Visual Storytelling: The Art And Technique by Tony C. Caputo, Harlen Ellison and Jim Steranko (book review).

I don’t always list books I ought to read in my proper list, which runs at some 4 pages. A lot of the time, I forget the name or think my chances of coming across it are remote to none. This applies to ‘Visual Storytelling: The Art and Technique’ by Tony C. Caputo, Harlen Ellison, and Jim Steranko. It came out 21 years ago, and I was up to my eyeballs being a caregiver and lacking funds, so I forgot all about Observing a high-priced limited edition prompted me to search for a more affordable version. Fortunately, I found a reasonably priced autographed limited edition on the auction site, numbering 482 out of 1000. re. There are other copies out there, so you should be lucky.

There aren’t many books available that explore comicbook continuity, and even fewer that concentrate on superheroes. This book doesn’t even mention comics until a few pages in. Jim Steranko uses continuity art in many fields, from advertising to storyboarding for films, and he is/was well-paid for this occupation.

Harlen Ellison’s contribution is mostly an extended introduction explaining how to write a film script, some of which I know from his previous interviews, as well as the one harsh lesson he learned about not dialoguing in large paragraphs. He draws strong parallels between dialoguing in comic books and having a strong visual sense, but I’m curious about his thoughts on Alan Moore’s detailing when he shows samples of his work, beyond just acknowledging the occasional exception to the rules. In many respects, the same also applies to short story writing, where the art is to trim the fat and get on with telling the story, even if I do drop it down to one orator for long events in my own short stories sometimes.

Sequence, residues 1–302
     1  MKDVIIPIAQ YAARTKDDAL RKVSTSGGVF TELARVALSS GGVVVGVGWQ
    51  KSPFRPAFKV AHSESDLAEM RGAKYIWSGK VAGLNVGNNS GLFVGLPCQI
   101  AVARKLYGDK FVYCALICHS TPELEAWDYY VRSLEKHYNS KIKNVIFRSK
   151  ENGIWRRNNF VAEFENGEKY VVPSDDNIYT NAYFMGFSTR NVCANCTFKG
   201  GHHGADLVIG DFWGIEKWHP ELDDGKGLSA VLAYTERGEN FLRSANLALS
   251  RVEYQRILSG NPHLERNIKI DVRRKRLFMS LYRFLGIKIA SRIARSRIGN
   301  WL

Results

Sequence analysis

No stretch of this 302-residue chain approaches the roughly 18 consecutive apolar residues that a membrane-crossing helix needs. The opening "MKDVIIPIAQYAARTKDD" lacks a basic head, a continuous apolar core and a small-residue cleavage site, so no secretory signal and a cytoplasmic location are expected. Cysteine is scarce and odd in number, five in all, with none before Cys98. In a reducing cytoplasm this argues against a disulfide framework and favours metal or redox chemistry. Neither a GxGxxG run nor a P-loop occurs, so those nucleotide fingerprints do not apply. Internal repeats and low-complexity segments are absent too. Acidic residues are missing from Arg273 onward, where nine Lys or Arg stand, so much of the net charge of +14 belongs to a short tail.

Not only is Andrew Loomis’ book, ‘Figure Drawing for All It’s Worth’ acknowledged as the first on the subject, but it also includes several of his examples. If you’ve ever had problems getting the differences between children and adults sorted out in your head when drawing, his book really is the place to start. If you really want to improve your drawing skills, Andy Loomis books are still the best choice for practically everything to do with art.

This book primarily focuses on enhancing the visual storytelling technique, exploring strategies for conveying information without the use of dialogue. Steranko even highlights and illustrates a few pages from ‘Nick Fury, Agent of S.H.I.E.L.D.’ that do not use dialogue, even when he had to threaten Sol Brodsky, who was refusing to pay for a text-free version. It’s still important to know when to use dialogue and when not to, as it can potentially distract from the ongoing events.

It’s impossible to ignore the parallels to film, and comic books must, in many ways, compress events differently while still guiding the reader from panel to panel without losing continuity due to errors.

I had to seriously consider anything that wasn’t covered. I believe we could have developed the concept of panels within a panel further than we did.

You also get to see artwork from various artists broken down by technique. When Steranko discusses continuity art and how his style adapts to the needs of a story and its depiction, he clearly dominates.

Oddly, the comic book profession doesn’t have many books discussing continuity techniques. Off the top of my head, I can think of only three. Much of the rest came from TwoMorrows magazines, such as ‘Draw It!’. This one is by far the most technical I’ve read, and it covers more than comic books. It’s also a good reminder for a commercial illustrator that there are always other opportunities out there.

If you’re seriously interested in improving your art technique or understanding of telling a story, then it’s worth getting a copy if you can find one.

GF Willmetts

April 2024

(pub: Vanguard Productions/Watson-Guptill Publications, 2003. 192 pages + 18 page supplement in limited edition. Price: really varies so shop around. ISBN: ??)


Geoff Willmetts has been editor at SFCrowsnest for some 21 plus years now, showing a versatility and knowledge in not only Science Fiction, but also the sciences and arts, all of which has been displayed here through editorials, reviews, articles and stories. With the latter, he has been running a short story series under the title of ‘Psi-Kicks’ If you want to contribute to SFCrowsnest, read the guidelines and show him what you can do. If it isn’t usable, he spends as much time telling you what the problems is as he would with material he accepts. This is largely how he got called an Uncle, as in Dutch Uncle. He’s not actually Dutch but hails from the west country in the UK.

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